Louis Mamakos, CTO, Vonage

LouisLouis Mamakos joined
Vonage a little over three months ago. And what a three months it’s been.

The New Jersey Voice over IP company has raised
$105 million in venture capital, added to its impressive subscriber total
and paved the way
for hands-off regulation of the industry.

Mamakos, who oversees research and development and product delivery at
Vonage, recently spoke with internetnews.com about the fast-moving
developments at Vonage and in the VoIP field.

Q: What attracted you to Vonage?

I was recently at Hyperchip, a router startup … and before that at
UUNet. It reminds me of the very early days of UUNet. First and foremost,
it’s interesting work in an emerging market space. Vonage has done a really
good job on the execution — building the technology, getting it out there.
It’s finding different ways to reach customers.

Q: What are some of the challenges at working at such a fast-growing

A startup is agile, but when it grows beyond a certain point, a lot of
informal communication systems get strained. The challenge is to introduce
enough process and decide how things are going to get done.

Q: In August, the Federal Communications Commission ruled that
VoIP providers should be prepared to comply with the Communication
Assistance for Law Enforcement Act (CALEA), which allows law
enforcement to tap phone calls. What is Vonage doing in this area?

We expect to have that capability soon. We do have a solution identified and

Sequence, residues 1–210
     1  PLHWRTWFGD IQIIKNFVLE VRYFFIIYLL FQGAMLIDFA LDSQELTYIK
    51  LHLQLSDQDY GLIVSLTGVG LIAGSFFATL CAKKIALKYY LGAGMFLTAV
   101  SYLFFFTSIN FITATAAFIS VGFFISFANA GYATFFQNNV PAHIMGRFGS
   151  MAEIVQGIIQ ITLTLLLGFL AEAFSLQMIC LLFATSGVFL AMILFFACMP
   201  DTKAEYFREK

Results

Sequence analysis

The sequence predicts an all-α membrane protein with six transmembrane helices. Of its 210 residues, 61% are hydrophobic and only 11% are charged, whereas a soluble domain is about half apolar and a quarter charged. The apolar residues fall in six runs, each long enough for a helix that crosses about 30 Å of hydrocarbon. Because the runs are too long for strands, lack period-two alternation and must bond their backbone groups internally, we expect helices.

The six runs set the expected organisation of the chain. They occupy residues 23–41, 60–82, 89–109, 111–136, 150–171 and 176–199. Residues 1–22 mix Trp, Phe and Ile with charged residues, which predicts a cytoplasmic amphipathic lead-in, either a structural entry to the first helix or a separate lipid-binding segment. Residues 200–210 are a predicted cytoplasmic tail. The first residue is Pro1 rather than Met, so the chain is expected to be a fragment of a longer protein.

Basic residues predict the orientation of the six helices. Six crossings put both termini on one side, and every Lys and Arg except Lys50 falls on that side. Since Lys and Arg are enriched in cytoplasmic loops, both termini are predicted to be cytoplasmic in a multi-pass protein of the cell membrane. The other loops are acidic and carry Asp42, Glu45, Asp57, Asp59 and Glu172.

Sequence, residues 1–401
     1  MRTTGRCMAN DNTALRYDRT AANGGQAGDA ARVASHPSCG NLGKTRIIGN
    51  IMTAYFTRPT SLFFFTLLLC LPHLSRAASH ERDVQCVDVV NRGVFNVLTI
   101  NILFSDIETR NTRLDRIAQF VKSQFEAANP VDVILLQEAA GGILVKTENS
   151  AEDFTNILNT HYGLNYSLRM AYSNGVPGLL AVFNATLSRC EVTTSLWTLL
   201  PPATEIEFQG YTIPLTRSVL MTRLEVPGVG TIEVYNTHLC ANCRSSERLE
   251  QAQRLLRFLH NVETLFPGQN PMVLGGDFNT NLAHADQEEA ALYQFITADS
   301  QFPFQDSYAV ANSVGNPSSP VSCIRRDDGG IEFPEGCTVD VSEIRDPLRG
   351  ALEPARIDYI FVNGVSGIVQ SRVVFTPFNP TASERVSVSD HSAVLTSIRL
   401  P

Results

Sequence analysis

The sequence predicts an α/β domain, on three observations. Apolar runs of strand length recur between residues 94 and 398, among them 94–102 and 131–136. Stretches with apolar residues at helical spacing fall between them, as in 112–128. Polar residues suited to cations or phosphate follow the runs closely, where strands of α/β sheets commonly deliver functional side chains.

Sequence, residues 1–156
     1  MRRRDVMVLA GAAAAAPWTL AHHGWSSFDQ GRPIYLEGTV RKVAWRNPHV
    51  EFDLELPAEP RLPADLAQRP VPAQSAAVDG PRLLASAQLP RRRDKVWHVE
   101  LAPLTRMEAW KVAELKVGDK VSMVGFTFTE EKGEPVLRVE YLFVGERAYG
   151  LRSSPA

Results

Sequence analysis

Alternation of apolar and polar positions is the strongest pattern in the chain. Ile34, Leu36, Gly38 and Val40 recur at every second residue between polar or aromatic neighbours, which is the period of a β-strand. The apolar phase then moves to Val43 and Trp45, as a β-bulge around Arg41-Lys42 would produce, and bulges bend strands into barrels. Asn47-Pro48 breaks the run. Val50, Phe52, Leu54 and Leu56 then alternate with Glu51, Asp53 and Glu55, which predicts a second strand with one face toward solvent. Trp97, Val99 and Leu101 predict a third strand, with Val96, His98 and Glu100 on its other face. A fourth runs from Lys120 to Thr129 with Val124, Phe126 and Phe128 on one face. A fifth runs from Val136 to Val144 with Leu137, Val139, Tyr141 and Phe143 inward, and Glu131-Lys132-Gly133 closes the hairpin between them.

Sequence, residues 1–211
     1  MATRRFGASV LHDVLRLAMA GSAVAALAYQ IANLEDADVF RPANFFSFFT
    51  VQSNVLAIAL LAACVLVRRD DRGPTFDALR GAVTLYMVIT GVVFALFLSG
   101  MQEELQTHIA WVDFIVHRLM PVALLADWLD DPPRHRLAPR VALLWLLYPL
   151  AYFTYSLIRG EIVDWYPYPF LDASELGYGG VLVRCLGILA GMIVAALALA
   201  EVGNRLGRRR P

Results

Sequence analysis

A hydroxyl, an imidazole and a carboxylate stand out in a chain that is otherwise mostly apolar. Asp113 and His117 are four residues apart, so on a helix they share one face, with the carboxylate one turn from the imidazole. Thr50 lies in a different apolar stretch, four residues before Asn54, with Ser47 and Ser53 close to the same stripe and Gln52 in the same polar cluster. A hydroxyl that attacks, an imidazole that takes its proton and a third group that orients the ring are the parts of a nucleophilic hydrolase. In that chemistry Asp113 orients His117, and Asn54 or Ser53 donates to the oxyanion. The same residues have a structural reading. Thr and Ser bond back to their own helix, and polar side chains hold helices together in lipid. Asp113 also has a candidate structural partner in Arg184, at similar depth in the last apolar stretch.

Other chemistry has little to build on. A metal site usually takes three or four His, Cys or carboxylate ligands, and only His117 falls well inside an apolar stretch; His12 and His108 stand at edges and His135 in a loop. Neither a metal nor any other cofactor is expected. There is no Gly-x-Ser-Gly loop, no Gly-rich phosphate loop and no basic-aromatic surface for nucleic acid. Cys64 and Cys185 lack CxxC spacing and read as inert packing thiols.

we’re working on the implementation. We’re trying to be part of the
solution and not part of the problem. We’ve been responsive to these needs ….
To this point, no one has come to Vonage and demanded that we must do
CALEA or else. But we’ve responded [to requests] for calling records. We’re
already in that world.

Q: Vonage is moving to markets outside North America to the United
Kingdom and Asia. How is that process from technical and capital investment

It’s a multi-step strategy. First we add virtual numbers, then establish a
presence within a new region to terminate the numbers and follow up with a
more complete implementation. Then there’s sales and marketing, retailing,
billing in local currency.

From a deployment of equipment standpoint, it’s a well-understood process, and
the capital [invested] is not that big a deal; mostly it’s time-consuming

Q: What should we expect from Vonage in terms of new technology?

In a few months we’ll bring a Wi-Fi phone to market. It will
work the same way as a cell phone or cordless phone. There’s a battery
issue: we want to have adequate standby and talk time. And there’s a [user
interface] concern. We want it to be easy-to-use out of the box. It
needs to reach an attractive price point. We’re making very good progress
on all three of those fronts.

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